Moral Obligation & Responsibility

Written by Heather J. Tait

Continued from page 1

If you see a piece of trash onrepparttar ground, if you can, pick it up. If you find someone’s wallet, return it. If you see someone wanting to get in front of you in a line of traffic, allow it. Participate inrepparttar 132342 world you live in by responding to it and being active. All too often we turn our backs onrepparttar 132343 people involved around us. Or even worse, we don’t accept our own personal moral responsibility. We assume other people will pick up for us or will cover our mishaps.

Think about your involvement inrepparttar 132344 world. Think about your daily consumptions. Are you conservingrepparttar 132345 environment or simply consuming? Think about what differences you can make on a personal level to enact a change. Become informed about products or foods you use. Get involved with organizations or causes that you believe in. Most important get your family involved too. It our responsibility to be aware of our surroundings and be aware of our involvement within those surroundings. Chances are you will discover each one of us has more power to make a change than we choose to exhibit.

Artist and Inspirational Writer Heather J. Tait began her career as a professional artist back in 1997 in Morgan Hill, CA. Her work and articles are displayed internationally. She is also the founder of Silence Speaks International Artist Association and the Editor of Intrigue Magazine. She has also been inducted into the 2004-2005 Who’s Who Among American Women. Email: Silence Speaks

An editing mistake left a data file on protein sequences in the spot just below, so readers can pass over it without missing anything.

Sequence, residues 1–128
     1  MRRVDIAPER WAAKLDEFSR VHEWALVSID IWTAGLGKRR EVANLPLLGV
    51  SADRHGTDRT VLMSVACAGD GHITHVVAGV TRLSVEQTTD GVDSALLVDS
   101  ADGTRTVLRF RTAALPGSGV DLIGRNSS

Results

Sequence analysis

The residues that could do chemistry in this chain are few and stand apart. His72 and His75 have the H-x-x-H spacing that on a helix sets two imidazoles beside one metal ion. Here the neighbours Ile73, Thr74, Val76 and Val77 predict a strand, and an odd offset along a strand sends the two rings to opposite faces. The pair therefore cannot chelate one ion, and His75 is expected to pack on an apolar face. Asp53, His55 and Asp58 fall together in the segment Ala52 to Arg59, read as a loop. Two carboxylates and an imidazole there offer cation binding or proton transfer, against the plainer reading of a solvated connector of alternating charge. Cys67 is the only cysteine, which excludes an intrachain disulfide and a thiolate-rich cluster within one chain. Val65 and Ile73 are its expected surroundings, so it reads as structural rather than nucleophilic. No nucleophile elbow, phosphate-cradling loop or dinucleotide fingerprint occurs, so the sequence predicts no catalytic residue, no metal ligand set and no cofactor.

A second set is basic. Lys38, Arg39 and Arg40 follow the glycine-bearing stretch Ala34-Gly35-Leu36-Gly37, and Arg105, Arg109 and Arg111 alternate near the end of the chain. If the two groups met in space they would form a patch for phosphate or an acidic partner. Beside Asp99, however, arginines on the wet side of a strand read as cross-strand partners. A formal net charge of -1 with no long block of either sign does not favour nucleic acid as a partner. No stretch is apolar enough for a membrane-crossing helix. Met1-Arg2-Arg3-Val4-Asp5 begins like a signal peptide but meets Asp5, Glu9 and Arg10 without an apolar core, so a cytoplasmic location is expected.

How To Get To Know a Disabled Person

Written by Stephen Michael Kerr

Continued from page 1

3. Offer assistance when necessary. You see a woman in a wheelchair having trouble entering a building or negotiating steps. You'd like to help, but don't want to embarrass her. What should you do?

It's usually appropriate to lend a hand if someone is having obvious difficulty, but keep in mind that not everyone will be willing to accept your help. It's not much different than pulling over and offering assistance to a motorist with a flat tire. Unlessrepparttar woman inrepparttar 132341 wheelchair is in danger, it isn't necessary to pressrepparttar 132342 issue if they refuse your help. You did your part.

4. Remember that we all have obstacles to overcome. No matter who we are, each of us has a weakness or challenge to face. How do you feel when you are treated differently for being bald, short, or heavyset? Like you, a disabled person would much rather be accepted for who they are, rather than be pitied or shunned because of a disability. Many friends and colleagues have said to me, "I often forget that you are blind." To me, that isrepparttar 132343 ultimate compliment.

Meeting someone with a disability doesn't have to be an intimidating experience. Asking questions, offering assistance, and putting yourself in their shoes can go a long way toward recognizing them as people with normal thoughts and feelings who just happen to have a disability. Who knows? You might make some new friends inrepparttar 132344 process.

Stephen Michael Kerr is the publisher of Adaptive Sports & Recreation, a free ezine devoted to sports for people with disabilities. To read previous issues, visit:

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